BuddyBoss also has a mobile app if you want a full, native mobile experience. The App, however, is an additional purchase and it isn’t exactly cheap. The WordPress platform, however, is actually a pretty good deal when you consider everything you get.

In the end, if you determine that a membership site community is the path forward for you, BuddyBoss is the option I would most recommend if you want to avoid the downsides of Facebook.

BuddyBoss gets you pretty close to the functionality of Circle, however you can control it and own it. Not only that, but having it all within WordPress means you’ve got all the flexibility to build your site your own way, with the features you want.

I have built and been involved with many BuddyBoss sites for my clients. I also used it myself for awhile as well. So, if you decide to use BuddyBoss and want my assistance in setting it up, book a call with me and let’s discuss it. Through technical services, I’m happy to get in there and help you get things rolling.

Forum Software

I’m no stranger to forums. In my tech blogging days, I owned and very busy forum powered by vBulletin. Things have changed a lot today. There’s new options out there such as IPBoard, which looks incredibly great.

When I first switched away from Facebook groups, I moved to a forum called Discourse.


I used DiscourseHosting to host the forum, since they took care of all the headaches. I didn’t want to have to deal with it. There was even a single sign-on capability with WordPress so that my members wouldn’t have to login separately to access the forum.

Later on, I wanted to get rid of this extra appendage in my business. Not being based on WordPress and requiring separate hosting made things more complicated. That’s when I switched to BuddyBoss (see above).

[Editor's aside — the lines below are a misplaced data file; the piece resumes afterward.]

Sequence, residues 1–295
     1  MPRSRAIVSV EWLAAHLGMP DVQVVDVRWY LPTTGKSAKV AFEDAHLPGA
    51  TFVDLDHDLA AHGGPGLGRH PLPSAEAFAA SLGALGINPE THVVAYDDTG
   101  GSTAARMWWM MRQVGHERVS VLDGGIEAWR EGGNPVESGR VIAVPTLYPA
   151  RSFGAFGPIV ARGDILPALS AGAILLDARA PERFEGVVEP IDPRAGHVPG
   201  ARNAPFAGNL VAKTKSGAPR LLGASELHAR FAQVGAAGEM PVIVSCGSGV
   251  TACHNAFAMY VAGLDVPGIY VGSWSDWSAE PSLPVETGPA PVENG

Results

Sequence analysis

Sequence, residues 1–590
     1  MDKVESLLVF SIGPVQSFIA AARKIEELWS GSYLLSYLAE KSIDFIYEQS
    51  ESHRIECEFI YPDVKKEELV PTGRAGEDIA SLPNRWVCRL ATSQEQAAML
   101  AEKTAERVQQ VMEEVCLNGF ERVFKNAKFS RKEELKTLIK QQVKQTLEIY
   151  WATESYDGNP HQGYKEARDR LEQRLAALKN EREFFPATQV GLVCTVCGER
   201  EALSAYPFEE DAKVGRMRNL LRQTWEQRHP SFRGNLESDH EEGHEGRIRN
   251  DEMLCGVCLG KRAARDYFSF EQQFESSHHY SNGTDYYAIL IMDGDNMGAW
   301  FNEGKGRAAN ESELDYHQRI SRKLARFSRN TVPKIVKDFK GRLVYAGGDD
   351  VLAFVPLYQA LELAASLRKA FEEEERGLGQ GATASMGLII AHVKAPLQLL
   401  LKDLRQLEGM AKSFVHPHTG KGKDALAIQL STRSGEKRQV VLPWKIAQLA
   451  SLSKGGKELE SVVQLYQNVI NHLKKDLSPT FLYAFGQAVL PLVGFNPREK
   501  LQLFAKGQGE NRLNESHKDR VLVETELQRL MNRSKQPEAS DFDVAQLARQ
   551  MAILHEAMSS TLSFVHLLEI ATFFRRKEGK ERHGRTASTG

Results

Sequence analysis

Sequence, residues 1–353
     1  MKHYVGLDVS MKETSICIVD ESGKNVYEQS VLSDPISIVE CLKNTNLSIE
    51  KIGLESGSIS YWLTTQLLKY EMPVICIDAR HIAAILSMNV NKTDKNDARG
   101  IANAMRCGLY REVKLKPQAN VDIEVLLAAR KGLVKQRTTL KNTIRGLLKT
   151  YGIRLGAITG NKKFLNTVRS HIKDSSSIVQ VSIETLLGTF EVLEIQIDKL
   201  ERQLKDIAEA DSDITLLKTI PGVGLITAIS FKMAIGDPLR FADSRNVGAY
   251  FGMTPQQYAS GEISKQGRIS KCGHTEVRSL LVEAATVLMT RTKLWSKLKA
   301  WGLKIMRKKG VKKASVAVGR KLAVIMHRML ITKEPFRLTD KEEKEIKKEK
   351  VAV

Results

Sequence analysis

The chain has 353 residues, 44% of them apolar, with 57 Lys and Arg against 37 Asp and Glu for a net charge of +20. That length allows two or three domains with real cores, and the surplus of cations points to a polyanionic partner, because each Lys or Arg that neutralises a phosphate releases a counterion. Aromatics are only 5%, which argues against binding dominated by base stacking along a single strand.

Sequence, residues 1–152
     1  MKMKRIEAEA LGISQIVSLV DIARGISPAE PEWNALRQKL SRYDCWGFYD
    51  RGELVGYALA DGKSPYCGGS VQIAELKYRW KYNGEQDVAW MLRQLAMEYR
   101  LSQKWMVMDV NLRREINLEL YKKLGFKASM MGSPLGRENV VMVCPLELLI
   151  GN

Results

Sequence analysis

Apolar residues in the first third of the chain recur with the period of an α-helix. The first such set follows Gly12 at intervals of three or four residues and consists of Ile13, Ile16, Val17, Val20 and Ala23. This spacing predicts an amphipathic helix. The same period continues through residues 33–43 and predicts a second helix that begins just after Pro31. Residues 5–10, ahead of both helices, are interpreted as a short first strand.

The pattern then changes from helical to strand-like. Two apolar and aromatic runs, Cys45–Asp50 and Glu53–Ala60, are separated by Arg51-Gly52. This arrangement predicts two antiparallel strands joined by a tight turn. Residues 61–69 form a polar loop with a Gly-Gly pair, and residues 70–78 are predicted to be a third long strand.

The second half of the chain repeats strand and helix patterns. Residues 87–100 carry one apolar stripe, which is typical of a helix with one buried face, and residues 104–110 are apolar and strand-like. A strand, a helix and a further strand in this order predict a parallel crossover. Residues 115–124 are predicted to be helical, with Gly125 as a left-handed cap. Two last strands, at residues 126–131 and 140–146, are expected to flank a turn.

Later, I decided to switch away from BuddyBoss and move into Kadence Theme. I was in a situation where the only community functionality of BuddyBoss I was using was the forum. What many people don’t know is that BuddyBoss is originally a software fork off BuddyPress and BBPress. This means the forums are backward compatible with BBPress.

So, when I switched away from BuddyBoss, I switched to BBPress and it simply used the same database tables. Other than a few adjustments to the look and feel, there was very little work required. BBPress remains a solid option for membership site communities who just want forum functionality.

In Conclusion…

Whether to have a membership site community or not is a decision you need to make for yourself. It depends on your personal goals and the exact offer you are making to your members.

In my view, it is too easy to create a compelling membership site offer without the need for a community. If you are going to do a community, keep it simple and don’t over-promise. A Facebook community is one simple method. Heck, even just enabling the built-in comment system and showing that on your courses and limiting it to logged-in members may be all that you need or want.

I’m a fan of simple businesses. I think power lies in simplicity. And, for many, building up and managing a large community brings on complexity that I don’t personally care for.

But, that’s your decision to make for your own unique goals and your unique business.

To the degree that you intend to build a community for your membership, my go-to recommendations are usually:

  • Facebook group if you just want simple and familiar. Not the best idea, though, if the content in that group is an important part of your core offer.
  • BuddyBoss if you want a full-fledged community that you own and control. For WordPress, it is hard to beat BuddyBoss.
  • BBPress is you want just a forum that you own and control and don’t want to spend any money.

For non-WordPress forums, there are several. However, that opens up another can of worms since it is a different piece of software and has different hosting requirements. So, I generally leave those to others.

Lastly, I can definitely help you get all this up and running. I do it all the time for clients big and small.

So, feel free to get in touch below. Or you can book a roadmap call to discuss how you and I can build your membership site.

Got A Question? Need Some Assistance?

Have a question about this article? Need some help with this topic (or anything else)? Send it in and I’ll get back to you personally. If you’re OK with it, I might even use it as the basis of future content so I can make this site most useful.